"The facility is nice because you're throwing into a net and you're not worried about how far it's going. Throwing into a net, you just keep working on technique and you just keep grinding and grinding. You can film the throws and change little things, and as soon as they get done throwing, then they go over and lift."
Skipper likes to compare throwing to homemade pie. Technique is a slice. Weight training in a slice. Plyometrics is a slice. Nutrition, hydration, sleep, and study habits are slices, too.
"You can keep breaking it down, but the question is: How good of an athlete do you want to be?" Skipper said. "That will determine how many pieces of pie you have in there.
"If you want to be a state champion, you might have six or seven pieces of pie. If you want to be a national champion, you might have to have 10 or 12 pieces of pie. That's the way I break it down and that's how I put it to the kids."
West Linn's Makayla Long is one of the newer Super Thrower members, joining the club last spring near the end of her sophomore season with the Lions.
Long first noticed Skipper hanging out around the throwing events at several Three Rivers League dual meets and invitationals, often chatting up some of the girls she was trying to beat.
"I saw his coaching a bunch of other kids and I was like, 'Oh, do you throw for him, too?'" Long said. "They were all like, 'Yeah,' and these were kids whose results were pretty darned good, so I figured he knew what he was doing.
"I didn't realize it was this big of a club, but I knew that all of his throwers were pretty darn successful, so I figured his club was a good place to go."
Long, runner-up to Oregon City's Chirgwin in the girls discus at the OSAA 6A track and field state championships, had worked with Skipper for about two months when STTC hosted an all-comers meet on July 12 at Clackamas Community College.
Long won the 17-18 girls discus with a personal best throw of 151 feet, 9 inches, breaking her previous PR of 145-7 set the district championships.
"Before this, I was training every day and pretty much on my own," Long said. "A lot of throwing is about 'feel,' and that's a really key thing to have. But when you can't necessarily see what you're doing, it's helpful to have someone watch and say, 'Hey, this is what you're doing. Try this instead.'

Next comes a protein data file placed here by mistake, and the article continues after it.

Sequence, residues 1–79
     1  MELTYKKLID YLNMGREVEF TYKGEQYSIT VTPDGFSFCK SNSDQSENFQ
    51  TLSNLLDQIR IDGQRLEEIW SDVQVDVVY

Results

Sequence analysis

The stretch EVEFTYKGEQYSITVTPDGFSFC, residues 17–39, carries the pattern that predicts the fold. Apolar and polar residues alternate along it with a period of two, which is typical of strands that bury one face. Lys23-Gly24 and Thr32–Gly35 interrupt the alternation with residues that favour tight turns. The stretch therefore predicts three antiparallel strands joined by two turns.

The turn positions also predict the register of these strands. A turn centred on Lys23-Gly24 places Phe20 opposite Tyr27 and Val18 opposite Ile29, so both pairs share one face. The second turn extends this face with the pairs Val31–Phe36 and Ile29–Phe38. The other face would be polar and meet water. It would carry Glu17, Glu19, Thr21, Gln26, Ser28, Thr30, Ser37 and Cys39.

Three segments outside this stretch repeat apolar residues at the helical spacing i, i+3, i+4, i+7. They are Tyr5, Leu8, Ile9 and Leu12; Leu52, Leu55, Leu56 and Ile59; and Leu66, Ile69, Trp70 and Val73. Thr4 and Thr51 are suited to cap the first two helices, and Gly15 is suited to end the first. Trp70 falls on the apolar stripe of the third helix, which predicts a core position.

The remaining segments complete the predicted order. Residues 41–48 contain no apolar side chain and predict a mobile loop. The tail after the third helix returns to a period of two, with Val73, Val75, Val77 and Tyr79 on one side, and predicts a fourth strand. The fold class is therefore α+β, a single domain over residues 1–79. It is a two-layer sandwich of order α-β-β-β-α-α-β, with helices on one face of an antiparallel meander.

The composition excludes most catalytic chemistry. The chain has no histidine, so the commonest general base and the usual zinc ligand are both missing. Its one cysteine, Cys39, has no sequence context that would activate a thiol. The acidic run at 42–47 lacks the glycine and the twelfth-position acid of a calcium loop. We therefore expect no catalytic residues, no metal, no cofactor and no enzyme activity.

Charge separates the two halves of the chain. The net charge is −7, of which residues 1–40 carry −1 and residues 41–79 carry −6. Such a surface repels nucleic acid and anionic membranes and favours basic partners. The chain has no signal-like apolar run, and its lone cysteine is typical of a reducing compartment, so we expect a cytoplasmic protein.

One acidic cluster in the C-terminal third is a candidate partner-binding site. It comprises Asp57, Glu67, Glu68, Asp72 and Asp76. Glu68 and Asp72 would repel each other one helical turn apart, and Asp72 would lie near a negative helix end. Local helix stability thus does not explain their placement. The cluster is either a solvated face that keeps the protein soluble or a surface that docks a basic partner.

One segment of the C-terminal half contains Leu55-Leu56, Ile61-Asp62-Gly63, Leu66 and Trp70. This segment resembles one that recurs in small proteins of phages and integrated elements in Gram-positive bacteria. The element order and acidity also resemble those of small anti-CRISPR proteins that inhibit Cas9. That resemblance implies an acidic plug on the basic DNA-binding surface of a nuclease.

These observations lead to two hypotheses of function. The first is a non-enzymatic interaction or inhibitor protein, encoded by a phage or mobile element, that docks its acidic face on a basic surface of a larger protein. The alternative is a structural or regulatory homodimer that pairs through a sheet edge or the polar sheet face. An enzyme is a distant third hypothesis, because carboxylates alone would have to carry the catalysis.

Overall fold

"Then you can feel that and pay attention to that and build and grow from there. That's been the biggest difference that I've noticed has been Scott pointing out little things and I'm like, 'Oh, okay, I can do that.'"
On the days Super Thrower practice starts at 9 a.m., Aiden Paul wants to be out the front door of his Albany home by 7:30 a.m. to make it to Oregon City on time.
"Right now, I drive up here twice a week," said Paul, who won the 5A boys discus state title as a sophomore this spring. "At one time, I was coming to work with Scott three times a week on Sunday, Tuesday, and Thursday. I got to come more because I quit basketball to just focus on this."
Quit basketball? Really?
"I wasn't good at basketball," he said with a chuckle. "Not good, at all."
Paul met Skipper for the first time the summer after his seventh-grade year at North Albany Middle School when Skipper spotted him at the USATF Oregon Association Junior Olympic Championships at Jesuit High School in Portland.
"Scott came up to my family because I was doing pretty good and he told me I should come and train with his club," Paul said. "My technique was horrible back then, both the discus and shot.
"As soon as I started working with Scott, I saw lots of improvement in my technique. And if I hadn't come to Super Throwers, I wouldn't be where I am right now."